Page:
Textbook prices on the rise

Tully McKinley

Community college is supposed to be a place with affordable tuition costs for an education similar to that of four-year colleges. The only problem is textbooks cost just as much as at any other college, which can lead to some students paying more for books than they do for classes. This is before they buy the study guides and supplemental materials.

Textbooks have been steadily increasing in price for ages, and when a student has to shell out $138 for a chemistry pay seems a little out of control. Textbook prices keep rising, the buyback prices keep getting lower, and nobody seems to be doing anything to stop it. Top that off with a new edition of the text coming out every six months, and most students find themselves getting a little overwhelmed by all of it.

The Saddleback Bookstore is by far the easiest place to get your books for your current classes, but is it really the best bet? Online sellers like Amazon.com and Half.com can typically sell the same text at a much lower price. But with all of the great online methods, how does the Saddleback bookstore stay open? They just give better incentives than their competitors.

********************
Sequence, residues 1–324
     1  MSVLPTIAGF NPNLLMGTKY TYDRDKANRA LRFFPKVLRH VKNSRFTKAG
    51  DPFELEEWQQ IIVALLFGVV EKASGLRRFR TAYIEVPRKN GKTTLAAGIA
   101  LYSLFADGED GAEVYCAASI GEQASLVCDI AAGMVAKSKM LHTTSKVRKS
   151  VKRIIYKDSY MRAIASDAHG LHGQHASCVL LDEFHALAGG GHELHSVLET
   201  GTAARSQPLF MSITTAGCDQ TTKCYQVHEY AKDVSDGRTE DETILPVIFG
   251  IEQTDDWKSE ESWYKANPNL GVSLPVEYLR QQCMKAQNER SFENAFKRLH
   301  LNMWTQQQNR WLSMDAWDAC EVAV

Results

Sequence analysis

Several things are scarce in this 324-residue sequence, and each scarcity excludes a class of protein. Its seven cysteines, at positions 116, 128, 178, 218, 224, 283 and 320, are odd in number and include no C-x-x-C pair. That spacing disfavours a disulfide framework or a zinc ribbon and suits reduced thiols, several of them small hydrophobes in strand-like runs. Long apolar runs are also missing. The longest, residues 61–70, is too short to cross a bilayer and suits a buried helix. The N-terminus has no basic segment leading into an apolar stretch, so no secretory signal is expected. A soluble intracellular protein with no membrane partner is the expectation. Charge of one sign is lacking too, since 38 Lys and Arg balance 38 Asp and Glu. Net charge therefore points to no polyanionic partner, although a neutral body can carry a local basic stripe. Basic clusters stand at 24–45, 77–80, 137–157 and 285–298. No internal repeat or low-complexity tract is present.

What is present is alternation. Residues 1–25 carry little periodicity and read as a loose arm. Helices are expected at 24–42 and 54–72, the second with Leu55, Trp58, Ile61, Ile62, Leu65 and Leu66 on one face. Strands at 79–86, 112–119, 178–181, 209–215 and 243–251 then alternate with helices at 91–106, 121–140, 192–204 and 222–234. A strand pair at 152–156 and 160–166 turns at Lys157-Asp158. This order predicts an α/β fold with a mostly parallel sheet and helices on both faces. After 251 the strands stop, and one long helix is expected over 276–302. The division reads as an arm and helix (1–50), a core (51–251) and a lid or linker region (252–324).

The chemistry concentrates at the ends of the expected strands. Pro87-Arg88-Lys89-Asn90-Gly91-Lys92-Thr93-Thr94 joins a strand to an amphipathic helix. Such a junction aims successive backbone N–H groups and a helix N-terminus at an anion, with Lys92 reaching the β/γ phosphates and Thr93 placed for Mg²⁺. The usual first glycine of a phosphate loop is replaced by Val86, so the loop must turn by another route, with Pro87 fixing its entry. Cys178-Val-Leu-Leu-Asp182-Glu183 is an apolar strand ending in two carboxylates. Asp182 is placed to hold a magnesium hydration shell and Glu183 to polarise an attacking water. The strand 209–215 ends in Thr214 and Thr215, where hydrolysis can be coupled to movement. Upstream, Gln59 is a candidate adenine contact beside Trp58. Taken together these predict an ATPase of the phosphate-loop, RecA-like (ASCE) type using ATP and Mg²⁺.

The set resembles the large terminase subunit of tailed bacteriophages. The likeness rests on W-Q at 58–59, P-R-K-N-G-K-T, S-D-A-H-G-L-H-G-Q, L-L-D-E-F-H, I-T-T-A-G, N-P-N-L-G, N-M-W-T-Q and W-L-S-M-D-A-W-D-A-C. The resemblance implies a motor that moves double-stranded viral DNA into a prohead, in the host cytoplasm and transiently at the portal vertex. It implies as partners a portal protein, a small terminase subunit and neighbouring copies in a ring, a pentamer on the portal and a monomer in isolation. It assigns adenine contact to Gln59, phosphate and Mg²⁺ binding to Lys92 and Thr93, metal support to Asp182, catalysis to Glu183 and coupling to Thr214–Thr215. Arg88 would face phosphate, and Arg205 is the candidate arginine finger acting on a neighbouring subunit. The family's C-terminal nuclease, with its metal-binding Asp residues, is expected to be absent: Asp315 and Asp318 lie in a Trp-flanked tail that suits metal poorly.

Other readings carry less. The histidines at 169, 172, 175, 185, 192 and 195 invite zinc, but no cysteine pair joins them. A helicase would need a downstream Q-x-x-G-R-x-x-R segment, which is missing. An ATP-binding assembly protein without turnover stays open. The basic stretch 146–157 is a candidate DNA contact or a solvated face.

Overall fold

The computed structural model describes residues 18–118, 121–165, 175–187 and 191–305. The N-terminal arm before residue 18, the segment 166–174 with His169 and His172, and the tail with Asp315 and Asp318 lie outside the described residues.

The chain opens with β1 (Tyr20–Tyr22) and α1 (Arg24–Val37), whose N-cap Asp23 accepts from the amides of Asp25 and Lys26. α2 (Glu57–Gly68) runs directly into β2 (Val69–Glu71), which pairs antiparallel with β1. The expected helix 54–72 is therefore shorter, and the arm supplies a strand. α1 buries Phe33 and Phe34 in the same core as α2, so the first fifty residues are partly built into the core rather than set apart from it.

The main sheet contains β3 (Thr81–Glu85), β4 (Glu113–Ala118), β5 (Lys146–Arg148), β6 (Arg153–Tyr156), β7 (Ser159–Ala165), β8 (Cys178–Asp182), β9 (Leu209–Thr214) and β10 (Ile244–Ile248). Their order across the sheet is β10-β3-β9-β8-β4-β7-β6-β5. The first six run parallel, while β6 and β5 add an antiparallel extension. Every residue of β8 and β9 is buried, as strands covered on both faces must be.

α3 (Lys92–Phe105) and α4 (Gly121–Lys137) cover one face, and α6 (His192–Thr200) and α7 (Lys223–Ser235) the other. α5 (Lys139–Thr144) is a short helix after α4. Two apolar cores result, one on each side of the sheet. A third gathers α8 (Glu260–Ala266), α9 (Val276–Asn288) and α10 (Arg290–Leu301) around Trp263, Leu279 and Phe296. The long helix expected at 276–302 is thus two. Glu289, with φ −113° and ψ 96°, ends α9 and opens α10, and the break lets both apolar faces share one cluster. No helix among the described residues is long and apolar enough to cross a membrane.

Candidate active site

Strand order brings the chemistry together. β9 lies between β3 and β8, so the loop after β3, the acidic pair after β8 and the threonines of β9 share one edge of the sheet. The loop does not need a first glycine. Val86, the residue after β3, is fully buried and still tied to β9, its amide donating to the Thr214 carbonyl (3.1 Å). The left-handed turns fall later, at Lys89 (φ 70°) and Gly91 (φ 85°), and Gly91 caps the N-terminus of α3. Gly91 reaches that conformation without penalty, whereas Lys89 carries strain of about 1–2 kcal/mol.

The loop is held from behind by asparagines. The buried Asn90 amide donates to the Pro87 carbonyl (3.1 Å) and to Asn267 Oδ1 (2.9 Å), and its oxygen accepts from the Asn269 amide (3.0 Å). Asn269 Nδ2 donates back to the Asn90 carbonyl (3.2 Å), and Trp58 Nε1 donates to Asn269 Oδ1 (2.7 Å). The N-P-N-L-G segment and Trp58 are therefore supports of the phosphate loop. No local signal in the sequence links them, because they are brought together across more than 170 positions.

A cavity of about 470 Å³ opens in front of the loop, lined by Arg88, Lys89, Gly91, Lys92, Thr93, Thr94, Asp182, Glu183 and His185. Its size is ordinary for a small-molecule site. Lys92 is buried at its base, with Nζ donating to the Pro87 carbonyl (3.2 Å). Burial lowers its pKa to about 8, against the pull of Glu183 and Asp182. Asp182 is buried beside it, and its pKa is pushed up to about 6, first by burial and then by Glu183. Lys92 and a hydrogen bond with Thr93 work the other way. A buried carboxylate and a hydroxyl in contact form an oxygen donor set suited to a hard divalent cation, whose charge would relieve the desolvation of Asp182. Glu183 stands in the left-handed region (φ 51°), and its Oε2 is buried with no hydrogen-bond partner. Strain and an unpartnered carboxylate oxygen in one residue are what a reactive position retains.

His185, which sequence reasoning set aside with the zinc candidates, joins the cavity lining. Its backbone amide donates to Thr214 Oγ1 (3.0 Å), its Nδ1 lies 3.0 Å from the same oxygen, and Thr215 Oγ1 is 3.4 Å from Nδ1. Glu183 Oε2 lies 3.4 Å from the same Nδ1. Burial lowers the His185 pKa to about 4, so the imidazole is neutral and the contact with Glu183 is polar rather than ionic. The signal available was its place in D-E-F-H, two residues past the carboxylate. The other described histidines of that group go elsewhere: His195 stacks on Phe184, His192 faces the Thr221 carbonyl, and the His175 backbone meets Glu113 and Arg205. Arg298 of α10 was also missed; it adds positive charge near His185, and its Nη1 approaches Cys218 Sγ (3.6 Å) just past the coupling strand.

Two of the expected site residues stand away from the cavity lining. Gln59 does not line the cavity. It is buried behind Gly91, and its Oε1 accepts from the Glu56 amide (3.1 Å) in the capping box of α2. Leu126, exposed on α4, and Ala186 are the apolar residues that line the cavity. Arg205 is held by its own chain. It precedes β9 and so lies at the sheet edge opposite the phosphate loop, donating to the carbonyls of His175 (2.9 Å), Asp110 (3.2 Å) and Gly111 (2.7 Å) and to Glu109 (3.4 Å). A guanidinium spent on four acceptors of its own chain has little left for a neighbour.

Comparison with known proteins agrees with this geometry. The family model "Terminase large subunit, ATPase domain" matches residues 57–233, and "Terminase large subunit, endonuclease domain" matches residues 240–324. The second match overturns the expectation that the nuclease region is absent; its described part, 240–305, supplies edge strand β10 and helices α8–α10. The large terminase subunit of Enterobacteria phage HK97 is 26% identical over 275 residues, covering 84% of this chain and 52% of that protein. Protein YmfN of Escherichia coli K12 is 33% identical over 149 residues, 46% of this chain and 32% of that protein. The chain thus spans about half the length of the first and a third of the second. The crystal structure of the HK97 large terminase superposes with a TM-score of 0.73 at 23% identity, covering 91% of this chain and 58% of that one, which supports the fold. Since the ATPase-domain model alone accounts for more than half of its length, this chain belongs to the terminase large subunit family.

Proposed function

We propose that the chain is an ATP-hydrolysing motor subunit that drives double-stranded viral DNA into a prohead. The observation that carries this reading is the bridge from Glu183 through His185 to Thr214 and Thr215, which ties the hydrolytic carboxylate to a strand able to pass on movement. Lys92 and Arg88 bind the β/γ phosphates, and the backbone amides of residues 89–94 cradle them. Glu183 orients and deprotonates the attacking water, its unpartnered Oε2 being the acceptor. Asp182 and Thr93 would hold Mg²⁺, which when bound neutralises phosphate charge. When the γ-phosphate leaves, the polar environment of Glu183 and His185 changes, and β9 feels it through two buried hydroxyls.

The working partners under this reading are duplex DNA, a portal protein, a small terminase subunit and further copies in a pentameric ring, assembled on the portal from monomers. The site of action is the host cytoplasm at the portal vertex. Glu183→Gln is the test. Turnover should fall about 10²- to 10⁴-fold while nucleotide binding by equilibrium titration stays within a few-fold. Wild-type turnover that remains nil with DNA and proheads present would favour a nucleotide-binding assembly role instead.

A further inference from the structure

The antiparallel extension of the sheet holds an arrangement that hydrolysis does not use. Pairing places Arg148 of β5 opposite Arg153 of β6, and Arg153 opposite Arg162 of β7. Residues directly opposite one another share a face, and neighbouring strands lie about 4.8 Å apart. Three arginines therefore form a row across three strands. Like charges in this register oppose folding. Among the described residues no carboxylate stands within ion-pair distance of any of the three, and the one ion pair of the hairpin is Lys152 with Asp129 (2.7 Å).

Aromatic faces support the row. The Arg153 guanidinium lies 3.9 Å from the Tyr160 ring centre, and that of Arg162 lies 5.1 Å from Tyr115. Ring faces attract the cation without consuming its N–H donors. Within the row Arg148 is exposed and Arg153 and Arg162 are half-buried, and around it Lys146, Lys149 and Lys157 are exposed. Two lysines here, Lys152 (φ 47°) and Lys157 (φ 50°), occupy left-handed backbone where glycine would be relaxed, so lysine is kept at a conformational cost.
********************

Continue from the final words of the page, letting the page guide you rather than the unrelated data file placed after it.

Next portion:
“We accept our online competition,” said Jim Harding, Saddleback bookstore manager. “We try to do things to keep our customers, like if there’s a problem with the text or the student drops the class, it’s a lot easier to deal with us and get a refund than the websites.”

What students do not know about the bookstore is that it isn’t actually the college bookstore. Follett leases the space from Saddleback, and all of the materials and fixtures inside are owned by them.

The store is on a five year lease, and just recently renewed. Harding, who has been the store manager since 1999, has also noticed the upward trend in textbook pricing.

“The worst price jumps I’ve seen are about $4 to $5 increase from year to year,” Harding said. “I really sympathize with the students because I see how hard it is to pay for all of these texts.”

“In the typical case, the store gives 50 percent of the new price of the book on a buyback,” Harding said, “Then we turn around and sell that used text at 75 percent of the new price. The best deal is to buy used, because we still give the 50 percent buyback, so you only pay for 25 percent of the book.”

The bookstore operates off of that 25 percent margin of profit, and uses it to pay the employee salaries and overhead.

The other major concern seems to be with new editions that change nothing more than the author’s note at the start of the text.

“New edition time has gotten pretty bad,” Harding said. “It used to be about a three to four year turnover before a new edition, and now it’s down to about two years, and while some of the new editions are really worthwhile and helpful, others really aren’t.”

While the school bookstore may have done more than $5 million in sales last year with over 25,000 students, that’s only an average of $200 a head.

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